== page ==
One Year on the Road

Bad Cuts

Shaggy head.

Shaggy head.

By the time I reached Durango, I was starting to look like Shaggy on Scooby Doo. (Without the scraggly beard.) In Eugene, one hairdresser has kept my impertinent cowlicks tamed for more than 20 years, and this trip is a good opportunity for me to branch out and let go of my fear of bad cuts. Before we left home, I decided I would get my hair cut only at old-time barber shops with barber poles.

Barber shops are the last holdouts of gender exclusion. There are no signs that say “Men Only,” but women know better than to cross that threshold into the dimly lit, aftershave-infused interior.

When I was a kid, I envied the Saturday morning excursions my older brother and Dad would take to our small town’s only barber shop. I had short hair, too. An androgynous style made more acceptable by its name (“pixie cut”) and perfected by my mother at our kitchen table. I wanted to get my hair trimmed at the barber shop, too, where the hypnotically spinning pole looked like a constantly regenerating candy cane. There were comic books, my brother told me, and a radio that played old fashioned music. But that was one of my earliest lessons in male privilege. Barbers were only for boys.

Steeling myself.

Steeling myself.

So 50 years later, why not break through those glass doors? Old-fashioned barber shops across the country… here I come.

Durango was a perfect place to start. The tiny shop on the main downtown strip had probably been there for 100 years. It had the required spinning candy cane pole and a barber with a white shop coat and tidy gray hair. I’m sure I’m not the first middle-aged woman to enter their shop, but he looked rather disbelieving when I asked for a cut. He was with someone, so he directed me to the other chair, and after a few minutes, Izzy appeared from behind a curtain and fastened a black cape around my neck.

My first barber cut.

My first barber cut.

When Izzy asked me what I wanted, I wasn’t sure what to say other than, “Just shorter by an inch or so.” (Now I know better and will insist on bangs that don’t look like a shrunken shirt on a pregnant belly.) Izzy clicked his razor to a steady buzz and started on the back of my head. He was done so quickly, I had no time to assess or direct. But I’d put my self-esteem in his hands, and I just had to trust that he wouldn’t impose his own shaved-sides hairstyle on me.

In the end, I had something similar to the pixie cut I wore throughout my childhood, which doesn’t look quite so impish on a 60-year-old. I’m not crazy about the tiny bangs and am jolted when I glance in a mirror. But it’s out of my eyes and is cool in the early summer heat, and it looks fine enough, I guess. This year, my haircuts will be an exercise in quashing vanity, and so far, it’s working well.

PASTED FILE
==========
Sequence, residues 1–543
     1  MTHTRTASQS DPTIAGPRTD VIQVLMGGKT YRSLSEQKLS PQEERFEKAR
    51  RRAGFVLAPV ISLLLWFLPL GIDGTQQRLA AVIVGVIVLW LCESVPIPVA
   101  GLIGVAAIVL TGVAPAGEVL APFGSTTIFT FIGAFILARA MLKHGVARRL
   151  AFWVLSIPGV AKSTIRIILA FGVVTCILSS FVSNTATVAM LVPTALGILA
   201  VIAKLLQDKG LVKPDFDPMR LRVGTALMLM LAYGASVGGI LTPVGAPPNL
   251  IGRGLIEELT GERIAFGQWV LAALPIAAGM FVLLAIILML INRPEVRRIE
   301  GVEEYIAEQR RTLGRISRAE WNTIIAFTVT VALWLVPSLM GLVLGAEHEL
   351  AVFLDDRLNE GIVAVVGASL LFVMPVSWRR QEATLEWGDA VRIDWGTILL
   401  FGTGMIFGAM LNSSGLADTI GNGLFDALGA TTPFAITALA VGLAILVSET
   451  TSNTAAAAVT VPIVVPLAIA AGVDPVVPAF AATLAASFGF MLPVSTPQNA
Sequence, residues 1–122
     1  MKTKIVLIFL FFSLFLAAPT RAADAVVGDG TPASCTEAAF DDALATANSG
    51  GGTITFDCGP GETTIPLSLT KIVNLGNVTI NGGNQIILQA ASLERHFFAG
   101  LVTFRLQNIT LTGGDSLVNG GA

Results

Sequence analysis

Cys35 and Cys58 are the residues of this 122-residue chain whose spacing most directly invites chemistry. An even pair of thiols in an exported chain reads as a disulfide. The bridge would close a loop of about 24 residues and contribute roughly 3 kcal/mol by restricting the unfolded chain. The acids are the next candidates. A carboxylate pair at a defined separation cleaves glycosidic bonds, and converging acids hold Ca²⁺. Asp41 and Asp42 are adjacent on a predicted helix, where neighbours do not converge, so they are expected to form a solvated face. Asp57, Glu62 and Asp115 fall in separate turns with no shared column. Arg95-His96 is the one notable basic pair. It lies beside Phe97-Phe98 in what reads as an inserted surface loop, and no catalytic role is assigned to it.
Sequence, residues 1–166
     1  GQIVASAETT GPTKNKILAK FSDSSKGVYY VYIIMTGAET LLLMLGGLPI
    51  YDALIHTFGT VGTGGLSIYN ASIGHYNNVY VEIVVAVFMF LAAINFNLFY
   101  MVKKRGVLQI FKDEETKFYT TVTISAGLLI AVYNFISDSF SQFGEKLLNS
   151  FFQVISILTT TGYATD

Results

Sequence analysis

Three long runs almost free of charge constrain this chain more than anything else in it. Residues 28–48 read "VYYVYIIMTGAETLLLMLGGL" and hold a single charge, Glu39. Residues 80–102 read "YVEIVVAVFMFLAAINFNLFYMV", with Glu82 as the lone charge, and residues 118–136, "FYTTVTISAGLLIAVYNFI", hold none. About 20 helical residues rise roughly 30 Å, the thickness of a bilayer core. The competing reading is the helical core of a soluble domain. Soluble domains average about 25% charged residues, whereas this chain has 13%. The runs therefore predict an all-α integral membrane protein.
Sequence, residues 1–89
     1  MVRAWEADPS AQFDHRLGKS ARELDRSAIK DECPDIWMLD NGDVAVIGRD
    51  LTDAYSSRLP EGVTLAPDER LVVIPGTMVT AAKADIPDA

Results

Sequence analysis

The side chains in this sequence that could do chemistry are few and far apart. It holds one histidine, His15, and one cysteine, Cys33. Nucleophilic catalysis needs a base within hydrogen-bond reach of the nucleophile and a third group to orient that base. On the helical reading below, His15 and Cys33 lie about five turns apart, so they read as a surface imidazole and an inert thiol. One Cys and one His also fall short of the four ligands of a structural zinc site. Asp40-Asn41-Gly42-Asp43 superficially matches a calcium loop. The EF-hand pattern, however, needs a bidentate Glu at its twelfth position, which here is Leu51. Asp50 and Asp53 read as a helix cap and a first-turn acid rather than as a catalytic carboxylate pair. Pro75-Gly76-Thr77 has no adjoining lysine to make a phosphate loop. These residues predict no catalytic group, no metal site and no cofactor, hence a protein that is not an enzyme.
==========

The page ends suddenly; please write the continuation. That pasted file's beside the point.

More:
The final cut.

The final cut.

5 thoughts on “Bad Cuts

  1. ehbidmon

    I admire your bravery. On many a road trip, I have needed a haircut, but was never brave enough to do it. Instead, I opted to tie my hair up or pull it back in a ponytail. Too many bad cuts over the years. And, I guess I’m not ready to give up on vanity. Fortunately, Laura is right, hair grows!

  2. Beth

    You know how much I love adventure on a road trip… and adventures with my sister. But I think I’d like to join you on your next barber experience, with camera duties, only! Too bad it’s too soon, since there’s a great pole and shop in Austin!

    I lived those pixies with you back in the 1960’s. I dreamed of having a ponytail to swing behind me. (Never achieved that pony tail thing) So I’m not up for a shared haircut experience. But how about we go get our shoes shined together!

  3. LindaSpencer

    Wow, you are brave! I gave up on getting hair cuts a long time ago. I have some kind of Scandinavian baby hair that never did much more than lay there. I would spend sometimes (to me) a small fortune on a hair cut and it wasn’t much different than when I cut it myself. I finally invested in a flowbee and have been doing suck cuts for 25 years or so. My feeling is that I would rather be mad at myself than someone else.

    Ultimately, I don’t know who came up with this expression, but I always liked it: The only difference between a good haircut and a bad haircut is two weeks.

  4. Claire

    Okay, the bangs are a little short and somewhat precise… I guess if it was me I’d be looking for one of those places like Supercuts, where folks have their first jobs out of school. But maybe those places aren’t inexpensive either?

    But good for you, Jennifer! I’da been up and outa that chair so fast when Izzy clicked his razor! My vanity would win out, I think. I’d be stalking women in the grocery asking about their haircuts, and I’d still probably not be able to get a haircut I liked.

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